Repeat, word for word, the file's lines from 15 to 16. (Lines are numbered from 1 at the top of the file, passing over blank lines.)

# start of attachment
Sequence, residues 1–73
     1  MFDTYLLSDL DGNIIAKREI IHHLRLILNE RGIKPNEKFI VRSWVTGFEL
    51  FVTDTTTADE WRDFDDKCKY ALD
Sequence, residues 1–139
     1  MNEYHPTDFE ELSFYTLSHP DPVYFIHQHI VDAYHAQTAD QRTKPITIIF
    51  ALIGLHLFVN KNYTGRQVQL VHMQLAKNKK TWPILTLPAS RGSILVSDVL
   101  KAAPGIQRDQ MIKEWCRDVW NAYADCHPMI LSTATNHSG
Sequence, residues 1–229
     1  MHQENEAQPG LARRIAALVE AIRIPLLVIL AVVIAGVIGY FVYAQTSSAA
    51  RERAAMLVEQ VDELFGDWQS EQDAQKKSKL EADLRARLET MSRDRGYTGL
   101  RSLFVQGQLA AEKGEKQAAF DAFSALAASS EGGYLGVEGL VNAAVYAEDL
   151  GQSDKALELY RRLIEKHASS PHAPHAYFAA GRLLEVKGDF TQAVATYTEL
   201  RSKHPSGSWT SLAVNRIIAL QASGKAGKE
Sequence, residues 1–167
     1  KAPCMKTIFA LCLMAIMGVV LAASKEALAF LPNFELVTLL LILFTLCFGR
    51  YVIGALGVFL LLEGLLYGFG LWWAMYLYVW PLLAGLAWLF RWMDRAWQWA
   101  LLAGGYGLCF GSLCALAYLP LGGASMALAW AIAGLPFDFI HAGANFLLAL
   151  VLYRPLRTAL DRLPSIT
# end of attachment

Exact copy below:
     1  KAPCMKTIFA LCLMAIMGVV LAASKEALAF LPNFELVTLL LILFTLCFGR
    51  YVIGALGVFL LLEGLLYGFG LWWAMYLYVW PLLAGLAWLF RWMDRAWQWA